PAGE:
Support for COVID-19 Vaccines

From the American College of Rheumatology and the Arthritis Center of Nebraska

Modified December 15, 2020

Vaccinations are in the news again due to the approval of the first of many vaccines (more than 135 in development) against SARS-CoV-2 (i.e. the novel coronavirus that causes COVID-19). Rheumatologists have a long history of recommending specific vaccinations to our patients. This is because patients with rheumatologic conditions frequently take medicines which may:

  1. Make them more susceptible to infections
  2. Reduce their ability to mount an effective immune response following vaccination, and
  3. Increase the risk associated with live vaccines.

The Rheumatologists at the Arthritis Center of Nebraska have been following the intensive efforts of the international scientific and medical community to develop a vaccine against COVID-19. These vaccines are rigorously tested in clinical trials, to prove the vaccine’s efficacy and safety. We know that any vaccine which is approved for use in the United States will have robust and extensive data showing that it is safe and effective against COVID-19. The Pfizer vaccine has been tested in more than 22,000 people before its recent FDA approval.

There are 3 types of coronavirus vaccines:

1) mRNA Based Vaccine

The first is an mRNA based vaccine, which is a very new technology. A snip of coronavirus mRNA (its genetic code) is placed in a lipid nanoparticle. When injected, it is taken up by the human’s own cells, and for a period of time, these cells make a portion of the viral coating protein, and express it on the human’s cell surface. This produces a vigorous immune response (something we want). And since it is only one small portion of the virus, it is not infectious. The recently approved Pfizer vaccine (and soon to be approved Moderna vaccine) are mRNA vaccines. Easy to produce in large quantities, but mRNA can break down easily, so the vaccine must be stored at -70 degrees centigrade. So far the Pfizer vaccine has been very effective in reducing the risk of developing COVID-19 in healthy volunteers. Side effects include a sore arm at the injection site, and flu like symptoms (fever, muscle aches, headache, and fatigue) in 10-50%. Side effect symptoms usually last only 2 days or so. The experience of mass vaccination in Great Britain, has so far been well tolerated, with the only new caution to avoid vaccination in people with severe environmental allergies (defined as a person that carries an EpiPen wherever they go).

Since mRNA vaccines, including the Pfizer vaccine, are not live vaccines, they are perfectly safe to give to our rheumatic disease patients, even the ones that are immune suppressed. There is a small risk of a temporary inflammatory arthritis flare. About 5% of inflammatory arthritis patients will flare after the shingles vaccine, and we suspect the risk of flare is similar. Patients taking some medications, including methotrexate, rituximab, or Xeljanz may not have a good response to the vaccine. We recommend that patients on methotrexate, hold the methotrexate for 2 weeks after the first and second dose of the Pfizer vaccine. For those patients on rituximab infusions, we recommend waiting until 4 months after your last infusion, to start the vaccine series. If you are taking Xeljanz, we suggest holding the Xeljanz for 7 days after both doses of the vaccine. All other rheumatic disease drugs are safe to continue.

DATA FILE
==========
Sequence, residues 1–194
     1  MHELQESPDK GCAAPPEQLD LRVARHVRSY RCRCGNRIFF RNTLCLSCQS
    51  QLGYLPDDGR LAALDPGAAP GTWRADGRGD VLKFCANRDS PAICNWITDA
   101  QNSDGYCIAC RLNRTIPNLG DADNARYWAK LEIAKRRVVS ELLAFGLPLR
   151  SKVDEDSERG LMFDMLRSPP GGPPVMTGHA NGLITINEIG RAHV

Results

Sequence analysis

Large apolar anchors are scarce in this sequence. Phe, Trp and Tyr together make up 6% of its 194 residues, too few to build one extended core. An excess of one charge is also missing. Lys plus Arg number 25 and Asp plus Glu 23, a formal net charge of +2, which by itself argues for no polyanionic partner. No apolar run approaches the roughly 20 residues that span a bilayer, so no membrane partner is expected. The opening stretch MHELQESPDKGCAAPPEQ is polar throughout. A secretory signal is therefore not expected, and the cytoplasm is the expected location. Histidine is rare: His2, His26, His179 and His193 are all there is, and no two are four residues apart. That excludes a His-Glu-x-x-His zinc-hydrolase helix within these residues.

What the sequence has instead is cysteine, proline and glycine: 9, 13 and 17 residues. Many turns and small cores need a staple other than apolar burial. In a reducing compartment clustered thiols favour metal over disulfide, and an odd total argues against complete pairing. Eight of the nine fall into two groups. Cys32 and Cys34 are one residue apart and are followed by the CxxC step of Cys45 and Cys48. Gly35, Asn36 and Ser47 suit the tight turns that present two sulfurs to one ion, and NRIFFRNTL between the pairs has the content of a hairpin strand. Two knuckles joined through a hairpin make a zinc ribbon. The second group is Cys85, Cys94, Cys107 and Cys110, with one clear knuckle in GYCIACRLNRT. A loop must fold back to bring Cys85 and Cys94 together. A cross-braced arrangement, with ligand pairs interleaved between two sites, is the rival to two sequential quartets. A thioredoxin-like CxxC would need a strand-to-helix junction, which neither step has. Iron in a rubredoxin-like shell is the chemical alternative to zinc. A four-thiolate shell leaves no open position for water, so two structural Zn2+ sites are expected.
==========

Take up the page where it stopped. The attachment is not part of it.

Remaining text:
2) Protein Based Vaccine

The second type of vaccine, the most traditional type of vaccine (like the flu vaccine), is a protein based vaccine. These vaccines take longer and are more difficult and expensive to make. None of this type of vaccine for coronavirus are ready for approval. Novavax and Sanofi-SmithKline are working on this type of vaccine. When available, they will be safe and effective for our inflammatory arthritis patients with exactly the same concerns and caveats described above for the mRNA vaccines.

3) Attenuated Live Virus Vaccine

AstraZeneca and Johnson and Johnson are both developing attenuated live virus vaccines (the third kind of vaccine) against coronavirus. Not ready for FDA approval, but when approval comes, these vaccines will be, at least initially contra-indicated in our immune suppressed population.

A few additional things to know about vaccinations:

How effective are most vaccines?

Most vaccines offer some protection against infection but not do not give patients complete immunity. However, even partial protection will be helpful both to patients and the general public. Partial protection may mean that most but not all vaccinated people develop immunity, or that some people develop partial immunity, so that even if they develop COVID-19 infection, the symptoms of that infection will be less severe.

How long will protection last after I am vaccinated?

We do not yet know how long patients are protected from reinfection after having COVID-19. There have been a small number of cases reported where a patient clearly developed a second COVID-19 infection, after having an initial previously documented infection. We have even less information about how long protection will last following a vaccine against COVID-19. All people receiving vaccines against COVID-19, or recovering from COVID-19, should understand that prior infection or vaccination may not provide long lasting protection from future infections.

Categorized in: COVID, General